Here’s an interesting article about religious belief and politics from the Columbus Dispatch and Kudos to Senator Voinovich for taking a stand against slot machine gambling in the State of Ohio. He is correct in stating that it would lead towards horrible consequences for those who became addicted. I’m happy that he is drawing on his religious convictions to make the right decision here.
Striding near the Capitol during another day as one of what he calls God’s “chosen people” who serve in the U.S. Senate, George V. Voinovich was very clear about why he has devoted so much time to defeating a proposal that would allow slot-machine gambling in
“I’m thinking about people, and I’m thinking about their immortal souls,” the Republican former governor said. “I’m worried about their temple and their spiritual life. They get involved in this, and before you know it they’ve divorced their wives. They’ve been bankrupt.”
Like Voinovich, state Rep. Bill Seitz considers himself strongly religious. But the Cincinnati Republican has been one of the legislature’s top supporters of expanded gambling in the
“There are times when what you have to do from a financial point of view is at odds with what your denomination tends to support,” said Seitz, a Presbyterian. “But there is a difference between the religious world and the secular world. In the religious world, we believe in miracles. In the secular world, we’re often having to choose from less than ideal choices.”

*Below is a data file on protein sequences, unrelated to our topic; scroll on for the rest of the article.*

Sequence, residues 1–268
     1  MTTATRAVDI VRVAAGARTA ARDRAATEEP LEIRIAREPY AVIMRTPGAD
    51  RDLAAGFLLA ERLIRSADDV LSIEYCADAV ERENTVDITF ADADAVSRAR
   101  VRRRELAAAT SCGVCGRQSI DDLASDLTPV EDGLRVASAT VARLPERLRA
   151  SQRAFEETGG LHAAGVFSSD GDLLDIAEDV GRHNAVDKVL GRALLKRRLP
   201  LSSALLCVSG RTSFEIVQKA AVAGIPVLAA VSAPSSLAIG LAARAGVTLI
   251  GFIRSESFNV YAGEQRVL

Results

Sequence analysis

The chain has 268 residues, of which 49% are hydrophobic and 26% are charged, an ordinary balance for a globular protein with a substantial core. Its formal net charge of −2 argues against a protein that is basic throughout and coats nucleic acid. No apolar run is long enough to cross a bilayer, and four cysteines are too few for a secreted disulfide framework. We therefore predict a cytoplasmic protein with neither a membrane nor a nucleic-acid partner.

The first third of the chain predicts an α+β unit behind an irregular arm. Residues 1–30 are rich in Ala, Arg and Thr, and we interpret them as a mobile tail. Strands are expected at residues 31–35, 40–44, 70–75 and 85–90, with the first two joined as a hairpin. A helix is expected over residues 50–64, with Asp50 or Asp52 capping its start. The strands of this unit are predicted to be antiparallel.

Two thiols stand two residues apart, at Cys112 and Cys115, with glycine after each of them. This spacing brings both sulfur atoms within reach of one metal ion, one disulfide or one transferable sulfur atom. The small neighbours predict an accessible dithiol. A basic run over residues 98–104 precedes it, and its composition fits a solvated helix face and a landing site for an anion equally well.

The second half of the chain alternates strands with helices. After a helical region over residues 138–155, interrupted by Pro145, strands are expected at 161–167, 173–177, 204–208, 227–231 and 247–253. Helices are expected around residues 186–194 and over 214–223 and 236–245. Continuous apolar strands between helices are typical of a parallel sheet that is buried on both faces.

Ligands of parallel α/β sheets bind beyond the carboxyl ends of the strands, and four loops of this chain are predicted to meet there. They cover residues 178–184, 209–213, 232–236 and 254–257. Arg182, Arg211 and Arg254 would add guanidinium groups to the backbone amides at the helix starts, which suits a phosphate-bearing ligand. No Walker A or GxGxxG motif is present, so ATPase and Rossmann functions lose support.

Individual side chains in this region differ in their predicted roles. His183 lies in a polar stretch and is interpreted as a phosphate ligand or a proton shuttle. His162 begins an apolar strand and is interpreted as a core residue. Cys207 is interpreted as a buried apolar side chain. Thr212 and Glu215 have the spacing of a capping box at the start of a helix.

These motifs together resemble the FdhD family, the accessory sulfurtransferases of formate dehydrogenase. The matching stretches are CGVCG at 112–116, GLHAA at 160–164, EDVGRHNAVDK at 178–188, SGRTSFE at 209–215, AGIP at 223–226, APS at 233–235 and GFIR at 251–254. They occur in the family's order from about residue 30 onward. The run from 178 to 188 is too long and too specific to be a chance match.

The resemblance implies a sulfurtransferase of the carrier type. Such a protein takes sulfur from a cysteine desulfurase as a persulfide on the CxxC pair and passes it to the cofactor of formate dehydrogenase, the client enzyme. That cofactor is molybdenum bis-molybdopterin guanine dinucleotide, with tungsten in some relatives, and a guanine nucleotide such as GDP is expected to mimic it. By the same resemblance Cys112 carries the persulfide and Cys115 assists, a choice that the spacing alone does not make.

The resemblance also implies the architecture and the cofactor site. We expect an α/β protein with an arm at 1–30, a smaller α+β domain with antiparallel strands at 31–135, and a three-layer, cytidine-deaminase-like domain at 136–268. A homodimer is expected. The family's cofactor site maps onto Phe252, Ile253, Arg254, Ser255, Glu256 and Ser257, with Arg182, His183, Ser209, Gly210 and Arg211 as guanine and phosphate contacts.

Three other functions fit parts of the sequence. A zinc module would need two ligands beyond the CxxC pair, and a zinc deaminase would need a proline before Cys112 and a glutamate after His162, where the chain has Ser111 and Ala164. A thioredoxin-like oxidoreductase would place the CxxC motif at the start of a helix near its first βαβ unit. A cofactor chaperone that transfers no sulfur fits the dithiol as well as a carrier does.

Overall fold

In a recent Dispatch survey of more than 100 state legislators, 98 percent said religion is at least “fairly important” in their lives, and more than three-fourths called it “very important.”
But just how religion shapes lawmakers’ views and, in turn, affects the policy decisions that affect millions of Ohioans can differ greatly. The issue has taken on added urgency in recent years as religion and politics have increasingly intertwined in
Religious politicians strongly support abortion rights -and just as strongly oppose them. The same goes for embryonic stem-cell research, the death penalty and gay rights. They disagree on how best to help the poor, fund education and secure citizens.
“Does knowing that I’m a religious person tell you how I’m going to come out on an environmental issue?” or a tax issue? No, said Sen. Eric D. Fingerhut, a Shaker Heights Democrat and one of three Jewish members of the legislature. “Your faith gives you a framework. So even though there is clearly a Christian imperative and a Jewish imperative to feed the hungry, there’s also an imperative to help create jobs. Where you make that balance is what our role is.”